The latest construction equipment from Caterpillar arrives in the UK later this year. NCE previews what’s on offer from the North American giant.
Caterpillar last month introduced the first three B-Series models in its articulated dump truck range into the UK, and revealed its updated H-Series motor scraper line. It also announced the return of the towed scraper and introduced the M2-Series of motor graders.
The revisions were led by emissions regulations, both in Europe and the US, but these are more than simple engine upgrades, as the machines have revised transmissions, new cabs and greater integration of electronic control systems.
The 735B and 740B dump trucks, and the ejector bodied 740B EJ, have Stage IIIB-compliant engines that use Cat’s Clean Emissions Model (CEM). This incorporates a diesel oxidation catalyst and a diesel particulate filter in a single unit beneath the engine canopy, as well as cooled exhaust gas recirculation (EGR) to reduce oxides of nitrogen (NOx) in the exhaust gas.
“The revisions were led by emissions regulations, both in Europe and the US, but these are more than simple engine upgrades”
In all cases engine output is increased, but Cat is also claiming reduced fuel consumption and improved performance for the British-built trucks - in part due to improved transmission control and an automatic traction control (ATC) system.
Host of changes
There is a host of small detail changes in the cab, while externally the new look includes a wider bonnet, and more robust front bumper and underguards.
There are three models in the H-Series scraper line-up: the single engine open bowl 621H, the single engine self-elevating 623H and the twin-engined open bowl 627H. For the first time a push-pull connection, allowing two scrapers to work in tandem, can be fitted to the 621H.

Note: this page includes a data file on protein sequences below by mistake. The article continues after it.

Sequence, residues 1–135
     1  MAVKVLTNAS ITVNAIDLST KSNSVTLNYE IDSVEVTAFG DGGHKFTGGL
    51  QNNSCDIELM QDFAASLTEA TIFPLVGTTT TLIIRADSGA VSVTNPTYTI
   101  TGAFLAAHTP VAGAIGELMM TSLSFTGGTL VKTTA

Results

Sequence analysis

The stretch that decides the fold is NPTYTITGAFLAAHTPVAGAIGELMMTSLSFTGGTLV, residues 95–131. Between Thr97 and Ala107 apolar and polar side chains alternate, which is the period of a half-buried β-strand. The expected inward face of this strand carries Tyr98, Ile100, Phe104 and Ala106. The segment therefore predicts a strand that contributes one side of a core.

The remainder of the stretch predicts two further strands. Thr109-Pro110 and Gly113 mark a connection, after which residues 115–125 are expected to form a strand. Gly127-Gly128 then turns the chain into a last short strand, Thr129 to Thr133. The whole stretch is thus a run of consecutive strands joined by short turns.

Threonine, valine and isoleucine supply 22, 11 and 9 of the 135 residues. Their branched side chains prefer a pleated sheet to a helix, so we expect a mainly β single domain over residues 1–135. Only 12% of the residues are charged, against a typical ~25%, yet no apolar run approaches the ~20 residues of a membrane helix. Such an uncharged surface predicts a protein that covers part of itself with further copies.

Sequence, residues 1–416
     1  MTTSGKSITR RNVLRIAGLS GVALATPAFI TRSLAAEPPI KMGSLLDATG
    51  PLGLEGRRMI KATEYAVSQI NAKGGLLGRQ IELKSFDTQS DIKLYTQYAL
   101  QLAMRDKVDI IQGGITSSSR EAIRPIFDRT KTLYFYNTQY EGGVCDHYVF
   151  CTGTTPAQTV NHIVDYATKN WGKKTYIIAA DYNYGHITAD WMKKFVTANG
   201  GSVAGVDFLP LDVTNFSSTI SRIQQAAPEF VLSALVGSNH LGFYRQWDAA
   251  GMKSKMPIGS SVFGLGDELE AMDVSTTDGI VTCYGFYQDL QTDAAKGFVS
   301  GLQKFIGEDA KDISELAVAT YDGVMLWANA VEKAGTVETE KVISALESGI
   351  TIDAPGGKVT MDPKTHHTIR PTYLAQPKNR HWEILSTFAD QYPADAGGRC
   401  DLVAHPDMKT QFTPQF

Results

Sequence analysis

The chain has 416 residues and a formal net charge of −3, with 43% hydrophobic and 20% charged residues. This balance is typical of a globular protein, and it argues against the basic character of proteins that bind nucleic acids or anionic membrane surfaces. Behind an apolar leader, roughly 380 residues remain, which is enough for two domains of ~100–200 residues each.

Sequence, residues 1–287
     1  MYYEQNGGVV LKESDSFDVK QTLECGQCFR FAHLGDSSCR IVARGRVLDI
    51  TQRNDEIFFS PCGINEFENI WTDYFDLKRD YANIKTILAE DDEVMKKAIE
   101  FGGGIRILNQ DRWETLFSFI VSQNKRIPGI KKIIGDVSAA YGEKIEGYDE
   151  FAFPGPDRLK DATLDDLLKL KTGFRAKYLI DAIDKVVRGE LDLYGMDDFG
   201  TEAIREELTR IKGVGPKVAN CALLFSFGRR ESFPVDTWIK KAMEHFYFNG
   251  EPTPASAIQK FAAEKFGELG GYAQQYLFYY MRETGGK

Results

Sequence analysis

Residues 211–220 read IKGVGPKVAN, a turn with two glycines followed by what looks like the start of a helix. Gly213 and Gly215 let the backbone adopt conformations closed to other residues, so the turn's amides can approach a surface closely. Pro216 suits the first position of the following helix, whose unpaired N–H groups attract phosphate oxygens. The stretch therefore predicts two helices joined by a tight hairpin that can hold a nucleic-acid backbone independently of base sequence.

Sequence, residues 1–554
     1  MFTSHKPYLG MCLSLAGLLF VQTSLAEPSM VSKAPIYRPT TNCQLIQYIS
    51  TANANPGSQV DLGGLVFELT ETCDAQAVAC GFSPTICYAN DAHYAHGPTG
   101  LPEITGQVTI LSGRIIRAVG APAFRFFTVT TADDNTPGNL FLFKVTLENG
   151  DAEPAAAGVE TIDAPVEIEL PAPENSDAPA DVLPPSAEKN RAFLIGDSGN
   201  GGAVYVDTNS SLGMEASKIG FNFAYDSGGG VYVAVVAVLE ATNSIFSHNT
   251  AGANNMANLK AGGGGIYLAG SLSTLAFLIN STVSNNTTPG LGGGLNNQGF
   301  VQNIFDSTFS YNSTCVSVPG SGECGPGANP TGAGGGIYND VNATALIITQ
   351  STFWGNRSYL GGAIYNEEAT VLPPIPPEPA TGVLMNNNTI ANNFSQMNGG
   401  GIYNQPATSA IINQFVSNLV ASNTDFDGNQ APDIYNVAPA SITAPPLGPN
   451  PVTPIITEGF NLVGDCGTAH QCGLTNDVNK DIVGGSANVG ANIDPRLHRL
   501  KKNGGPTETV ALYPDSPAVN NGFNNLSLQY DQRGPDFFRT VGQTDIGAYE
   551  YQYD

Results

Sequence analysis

The H-Series machines have a 21% larger cab that gives them a modern appearance, and come with powered entry steps that fold up once running, and improved visibility. A work area vision system, with three cameras, shows the operator the rear of the scraper, the cutting edge and the push/pull connection.
The new models also come with automated systems that speed up loading and spreading operations, including Sequence Assist, which automatically sets the cushion hitch, bowl height, apron, ejector and elevator.
Also available on the non-elevating models is Load Assist, which loads the bowl at the touch of a button, and Cat Grade Control, which limits how deep the scraper can dig.
18% power boost
The machines get Cat’s C13 engine, providing an 18% power boost, while the second engine on the 627H is now the C9.3, offering 19% more power.
The story is similar for Cat’s M2 grader line, where the C9.3 ACERT engine uses CEM to clean up the exhaust gases, with automatic regeneration when required. Power is up by 7%, while Cat claims a drop in fuel consumption of around 5% across the range.
The 140M2/AWD and 160M2/AWD models will be available from September this year, with the 120M2/AWD and the 12M2 coming on stream in June 2012. Starting mid-2011, the M2 models will also offer Cat’s Grade Control Cross Slope system.
Caterpillar claims to be investing £4M a day in research and development, much of it in power systems to meet current and future emissions legislation.
However it isn’t just about making a cleaner engine. The real challenge has been integrating that engine with transmission, axles, hydraulic system and electronic control systems to combine improved performance and lower fuel consumption.
With machines like the graders and scrapers, it has also been about making a more sophisticated machine easier to operate. Tying those heavy earthmoving machines into site-based GPS and 3D design systems can only improve productivity further.